Following data provided by Sirf (the Italian system for the detection of lightening), about 750.000 lightning strikes hit our country every year.Everyone knows how dangerous they are, as they may cause major accidents both when they hit people directly and when they hit buildings. Among the indirect effects of lightning strikes are fires and the trees falling next to buildings. This is why it is paramount putting in place specific types of intervention that can be effective also for prevention. In the case where, inside a building there are business activities, a further risk may be the damage to the machinery that may cause a financially detrimental machine downtime. Also a partial or total damage to the electrical system could happen. In particular, with regards to the protection of machinery, the technologies used are usually able to guarantee a certain level of immunity to overvoltage, although within a well-defined limit. If this is passed, then malfunctions will set in; if instead the values are especially high and the lightning event happens repeatedly the risk is incurring in permanent faults. Also, sometimes a damaged machine can cause serious events such as fires. In order to offer a higher level of reliability of the home electric systems and their more effective protection from lightning strikes, the CEI 64/8 regulation with the Variation 3, in effect since 1st September 2011, has provided for the installation of specific dischargers of overvoltage, also within the main grid of residential units.
SPDs have the undeniable advantage of being easy to install and if compared to other systems, they are cheaper. They can be added to a pre-existing system guaranteeing a perfect performance if installed correctly. On a practical level, SPDs appear like switches, positioned in parallel to the electrical line they are to protect. In case of overvoltage their elevated impedance is able to decrease to very low values, draining the overvoltage itself to the ground, thus protecting the line. Once the overvoltage will end, they will revolve to be an open switch. In any case, those who choose to rely on SPDs (with or without fuse) have to use models that can provide alerts on their status. Should an SPD have a fault that is not shown, the system would continue to work without a problem but it will no longer be protected. In the event of the first serious discharge the system would therefore be exposed to risks.
For buildings equipped with photovoltaic systems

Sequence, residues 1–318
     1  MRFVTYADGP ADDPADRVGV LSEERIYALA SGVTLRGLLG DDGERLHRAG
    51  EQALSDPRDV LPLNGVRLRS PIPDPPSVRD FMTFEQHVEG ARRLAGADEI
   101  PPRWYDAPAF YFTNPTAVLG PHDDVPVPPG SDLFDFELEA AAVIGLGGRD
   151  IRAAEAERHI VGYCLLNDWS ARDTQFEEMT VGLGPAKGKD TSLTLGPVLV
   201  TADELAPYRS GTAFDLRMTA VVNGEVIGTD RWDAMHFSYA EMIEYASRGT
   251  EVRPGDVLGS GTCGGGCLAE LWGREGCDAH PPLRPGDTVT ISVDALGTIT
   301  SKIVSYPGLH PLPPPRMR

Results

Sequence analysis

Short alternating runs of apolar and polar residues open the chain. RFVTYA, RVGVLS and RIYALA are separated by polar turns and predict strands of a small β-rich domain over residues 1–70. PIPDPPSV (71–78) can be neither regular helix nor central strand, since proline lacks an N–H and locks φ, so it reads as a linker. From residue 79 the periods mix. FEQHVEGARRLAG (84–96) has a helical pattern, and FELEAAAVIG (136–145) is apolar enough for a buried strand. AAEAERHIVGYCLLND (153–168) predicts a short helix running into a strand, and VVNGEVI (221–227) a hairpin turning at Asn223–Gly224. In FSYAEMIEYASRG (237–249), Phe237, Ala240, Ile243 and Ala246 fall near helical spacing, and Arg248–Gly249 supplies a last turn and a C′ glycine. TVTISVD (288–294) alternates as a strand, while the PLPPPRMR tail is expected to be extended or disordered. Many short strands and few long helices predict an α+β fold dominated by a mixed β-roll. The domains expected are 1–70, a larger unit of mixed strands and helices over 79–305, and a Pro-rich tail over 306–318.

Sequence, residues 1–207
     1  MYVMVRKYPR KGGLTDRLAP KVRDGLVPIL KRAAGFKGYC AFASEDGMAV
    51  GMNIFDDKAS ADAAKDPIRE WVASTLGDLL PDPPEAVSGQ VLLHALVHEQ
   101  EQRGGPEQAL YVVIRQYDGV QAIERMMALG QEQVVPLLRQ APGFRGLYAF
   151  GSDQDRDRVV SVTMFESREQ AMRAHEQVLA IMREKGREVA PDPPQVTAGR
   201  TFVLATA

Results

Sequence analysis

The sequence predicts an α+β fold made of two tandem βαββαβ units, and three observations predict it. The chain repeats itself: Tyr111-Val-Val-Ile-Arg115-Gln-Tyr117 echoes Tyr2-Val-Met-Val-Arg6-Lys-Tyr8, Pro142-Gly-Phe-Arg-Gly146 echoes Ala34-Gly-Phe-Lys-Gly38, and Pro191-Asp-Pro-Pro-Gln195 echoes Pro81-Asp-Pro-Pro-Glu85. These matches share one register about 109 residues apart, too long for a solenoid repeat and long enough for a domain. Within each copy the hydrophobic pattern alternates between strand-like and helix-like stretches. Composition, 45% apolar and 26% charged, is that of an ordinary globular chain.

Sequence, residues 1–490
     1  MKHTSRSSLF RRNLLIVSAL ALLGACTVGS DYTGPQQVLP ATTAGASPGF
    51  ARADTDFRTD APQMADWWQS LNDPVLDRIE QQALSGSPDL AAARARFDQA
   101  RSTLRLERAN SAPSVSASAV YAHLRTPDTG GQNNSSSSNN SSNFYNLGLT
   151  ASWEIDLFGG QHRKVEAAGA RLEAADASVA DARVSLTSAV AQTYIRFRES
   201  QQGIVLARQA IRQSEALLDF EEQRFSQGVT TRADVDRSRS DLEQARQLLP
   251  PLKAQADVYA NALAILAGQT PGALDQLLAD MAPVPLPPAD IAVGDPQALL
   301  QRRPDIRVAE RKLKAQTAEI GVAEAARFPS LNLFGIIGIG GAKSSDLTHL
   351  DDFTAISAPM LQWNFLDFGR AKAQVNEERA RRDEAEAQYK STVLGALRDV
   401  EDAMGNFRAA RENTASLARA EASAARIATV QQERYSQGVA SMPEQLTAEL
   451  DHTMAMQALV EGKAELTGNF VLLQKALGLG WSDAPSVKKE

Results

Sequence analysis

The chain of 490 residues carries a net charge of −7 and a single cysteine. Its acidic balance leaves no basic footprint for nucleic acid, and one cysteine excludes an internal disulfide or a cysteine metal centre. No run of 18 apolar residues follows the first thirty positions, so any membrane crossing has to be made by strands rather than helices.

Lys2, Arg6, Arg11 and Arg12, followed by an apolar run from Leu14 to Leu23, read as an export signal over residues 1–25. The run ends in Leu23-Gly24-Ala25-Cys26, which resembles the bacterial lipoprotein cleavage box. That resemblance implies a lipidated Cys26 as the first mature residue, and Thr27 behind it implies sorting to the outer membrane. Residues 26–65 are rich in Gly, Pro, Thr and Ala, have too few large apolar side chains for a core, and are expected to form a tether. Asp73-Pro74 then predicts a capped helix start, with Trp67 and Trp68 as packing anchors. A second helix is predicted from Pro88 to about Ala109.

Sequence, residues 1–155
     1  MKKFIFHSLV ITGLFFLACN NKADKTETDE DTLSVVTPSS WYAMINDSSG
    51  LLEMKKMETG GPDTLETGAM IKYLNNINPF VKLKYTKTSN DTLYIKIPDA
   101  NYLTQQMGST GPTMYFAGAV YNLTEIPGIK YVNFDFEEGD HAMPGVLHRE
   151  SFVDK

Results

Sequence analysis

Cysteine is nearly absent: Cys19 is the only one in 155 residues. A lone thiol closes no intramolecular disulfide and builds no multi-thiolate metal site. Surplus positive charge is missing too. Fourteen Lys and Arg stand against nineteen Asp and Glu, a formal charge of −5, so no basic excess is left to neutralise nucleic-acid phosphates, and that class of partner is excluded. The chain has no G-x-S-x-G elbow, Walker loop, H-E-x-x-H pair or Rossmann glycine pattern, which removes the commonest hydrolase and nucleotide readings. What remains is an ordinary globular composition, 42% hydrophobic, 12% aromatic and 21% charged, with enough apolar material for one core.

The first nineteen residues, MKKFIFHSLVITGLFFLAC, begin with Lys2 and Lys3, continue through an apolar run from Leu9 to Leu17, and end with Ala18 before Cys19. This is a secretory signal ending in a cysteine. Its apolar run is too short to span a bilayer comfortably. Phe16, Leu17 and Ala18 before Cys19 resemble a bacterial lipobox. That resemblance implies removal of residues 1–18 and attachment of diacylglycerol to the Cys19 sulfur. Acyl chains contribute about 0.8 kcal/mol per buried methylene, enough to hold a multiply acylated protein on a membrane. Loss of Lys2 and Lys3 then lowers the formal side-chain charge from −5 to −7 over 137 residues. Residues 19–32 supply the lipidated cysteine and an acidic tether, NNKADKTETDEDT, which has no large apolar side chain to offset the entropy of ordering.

With regards to buildings equipped with photovoltaic systems, these also provide for maximum tension; up until this limit is reached the system works without irregularities but, once the limit is passed, the risk of damage is high. In the case of photovoltaic systems, many believe that the risk of those being hit by lightning is even higher; this is because these systems are usually located at the top of buildings. It has to be taken into account that, when these systems adhere optimally to the surface of the building, not altering significantly its shape, they do not present a higher risk if compared with other buildings.
The Lightning rod
On the other hand, even when a lightning strike hits the neighbourhood of the photovoltaic system it can cause damages. Examining the direct fulmination of a photovoltaic system, in the case where the latter alters the original shape of a building the adoption of a prevention system such as the LPS (that is the lightning rod) is fundamental. This can be used as long as the photovoltaic system is placed within an area protected from the lightning rod. Also, it is necessary that the system and the LPS are not placed in a small space in order to avoid dangerous discharges from one to the other. If the space available does not allow complying with the minimum distance it is necessary to resort to a Surge Protective Device. With regards to the indirect fulmination, this can generate currents that can cause a magnetic field able to induce tension within the spires it passes through. In order to prevent this risk the advice is to make the links between the modules of the voltaic systems in such a way that the spires are reduced to the minimum and, at the same time, make it so that the spires split; this will reduce the effect produced from a spire on the others. Although this is a good solution often it is ignored making the systems far too sensitive to lightning. In the case where, in spite of the protection methods adopted, a building (of any type) is damaged by lightning it will help to use the experience to adopt the appropriate counter-measures.